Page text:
From Rigid to Flexible
Davison of The Kresge Foundation shared a principle from a former manager: “Blessed are the flexible, because they bend but don’t break.” We can’t expect linear progress in the work of shifting institutions and systems that were not set up to advance economic and social mobility in communities that are predominantly low-income, or communities predominantly made up of people of color. “We need to adapt with you,” said Davison.
While asking for a detailed summary of grant activities, timelines, and expected outcomes has its place, our panelists recognize that complex systems change work requires adaptable, flexible plans. Plans are just a team’s best thinking at the time of application. As we learn and experience new things, we often need to revise and update our plans. There is no penalty for speaking up about unexpected challenges, Keys said, and college and nonprofit partners should reach out as plans change. Foundation staff set reporting norms and deadlines, and can adjust them needed.
Diversity, or representation among historically marginalized groups, is not enough; however, facing a recent uptick in the use of “equity” and “racial equity” among prospective and current partners, funders are looking for evidence that organizations walk the walk.
From Diversity to Equity
All three panelists spoke to the ways that their organizations are committed to advancing equity in both their grantmaking and internal practices. Diversity, or representation among historically marginalized groups, is not enough; however, facing a recent uptick in the use of “equity” and “racial equity” among prospective and current partners, funders are looking for evidence that organizations walk the walk.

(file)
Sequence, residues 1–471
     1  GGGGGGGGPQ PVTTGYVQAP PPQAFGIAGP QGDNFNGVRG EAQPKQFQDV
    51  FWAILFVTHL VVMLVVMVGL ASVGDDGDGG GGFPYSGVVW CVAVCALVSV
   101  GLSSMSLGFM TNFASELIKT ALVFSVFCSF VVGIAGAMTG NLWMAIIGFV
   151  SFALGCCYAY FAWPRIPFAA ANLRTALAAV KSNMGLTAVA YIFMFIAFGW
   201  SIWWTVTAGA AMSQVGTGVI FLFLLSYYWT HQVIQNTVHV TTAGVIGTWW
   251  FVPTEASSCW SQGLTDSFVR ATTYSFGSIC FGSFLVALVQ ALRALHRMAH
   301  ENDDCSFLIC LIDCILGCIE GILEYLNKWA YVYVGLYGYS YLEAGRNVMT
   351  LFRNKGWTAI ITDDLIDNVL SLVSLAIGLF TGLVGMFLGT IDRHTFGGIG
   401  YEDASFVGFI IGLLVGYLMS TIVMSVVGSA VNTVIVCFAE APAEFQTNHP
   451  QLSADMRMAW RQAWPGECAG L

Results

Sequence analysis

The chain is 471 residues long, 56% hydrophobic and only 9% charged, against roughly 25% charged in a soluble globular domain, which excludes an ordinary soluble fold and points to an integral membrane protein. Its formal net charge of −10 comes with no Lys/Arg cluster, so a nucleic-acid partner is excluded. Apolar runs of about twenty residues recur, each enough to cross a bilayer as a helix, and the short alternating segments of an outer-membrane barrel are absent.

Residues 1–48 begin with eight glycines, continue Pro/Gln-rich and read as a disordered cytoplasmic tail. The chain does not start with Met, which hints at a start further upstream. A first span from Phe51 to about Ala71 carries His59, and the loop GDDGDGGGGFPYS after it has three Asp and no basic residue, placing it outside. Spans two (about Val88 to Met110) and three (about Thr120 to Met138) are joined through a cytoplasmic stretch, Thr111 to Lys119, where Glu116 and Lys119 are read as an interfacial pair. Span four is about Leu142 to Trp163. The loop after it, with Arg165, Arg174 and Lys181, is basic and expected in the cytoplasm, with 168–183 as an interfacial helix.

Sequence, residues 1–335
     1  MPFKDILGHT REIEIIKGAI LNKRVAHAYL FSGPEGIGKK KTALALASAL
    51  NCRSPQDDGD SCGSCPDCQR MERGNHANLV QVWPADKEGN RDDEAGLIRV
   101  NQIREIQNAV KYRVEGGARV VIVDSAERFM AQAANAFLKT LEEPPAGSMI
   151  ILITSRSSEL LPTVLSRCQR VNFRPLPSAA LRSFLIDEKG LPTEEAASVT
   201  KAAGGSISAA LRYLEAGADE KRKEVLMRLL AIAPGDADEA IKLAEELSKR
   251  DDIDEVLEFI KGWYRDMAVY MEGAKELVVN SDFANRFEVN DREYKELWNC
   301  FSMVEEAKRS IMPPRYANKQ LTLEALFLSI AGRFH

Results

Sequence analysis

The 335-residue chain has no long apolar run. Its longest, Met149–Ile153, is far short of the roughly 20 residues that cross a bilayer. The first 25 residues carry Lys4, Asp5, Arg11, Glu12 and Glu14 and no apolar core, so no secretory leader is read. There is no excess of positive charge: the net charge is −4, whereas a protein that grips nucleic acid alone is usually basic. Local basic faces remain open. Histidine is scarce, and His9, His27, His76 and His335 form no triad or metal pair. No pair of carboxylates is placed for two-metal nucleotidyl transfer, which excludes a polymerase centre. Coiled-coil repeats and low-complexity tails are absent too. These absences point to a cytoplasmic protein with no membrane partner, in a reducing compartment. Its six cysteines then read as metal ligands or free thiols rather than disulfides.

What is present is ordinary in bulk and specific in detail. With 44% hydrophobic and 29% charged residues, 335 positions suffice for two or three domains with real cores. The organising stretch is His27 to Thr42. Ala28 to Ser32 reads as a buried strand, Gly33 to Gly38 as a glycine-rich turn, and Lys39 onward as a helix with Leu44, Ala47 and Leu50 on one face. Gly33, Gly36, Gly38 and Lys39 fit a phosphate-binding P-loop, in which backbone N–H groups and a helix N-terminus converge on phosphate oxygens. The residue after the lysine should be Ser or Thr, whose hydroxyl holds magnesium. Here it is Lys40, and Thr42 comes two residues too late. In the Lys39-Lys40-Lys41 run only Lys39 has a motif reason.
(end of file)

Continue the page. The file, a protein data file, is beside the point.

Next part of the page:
They are learning and shifting internal practices as well; Luna, for example, described her organization’s effort to address the implicit bias that influences who has access to Greenlight Fund Boston. They are asking questions about what kinds of data they’ve valued, and what changes are possible. “Can we think about data in a different way?” Luna asked. “Can we think about how what scaling and growing might look like and how is that different?” As research from Echoing Green and Bridgespan has demonstrated, nonprofit organizations with non-white leadership have suffered from underinvestment. An equity lens is required to recognize fairly the contributions such organizations have and are making, often with fewer financial resources than nonprofits with white leaders.
Funders today must hold themselves accountable to naming the past, acknowledging the present, and trying out new practices. This means acknowledging the mindsets and behaviors that no longer serve us, coupled with a commitment to shifting practice as key actors in advancing a philanthropic sector that joins as a co-equal in institutions and systems. This internal work helps us understand how we got here, and how we move forward together so that all can prosper and thrive.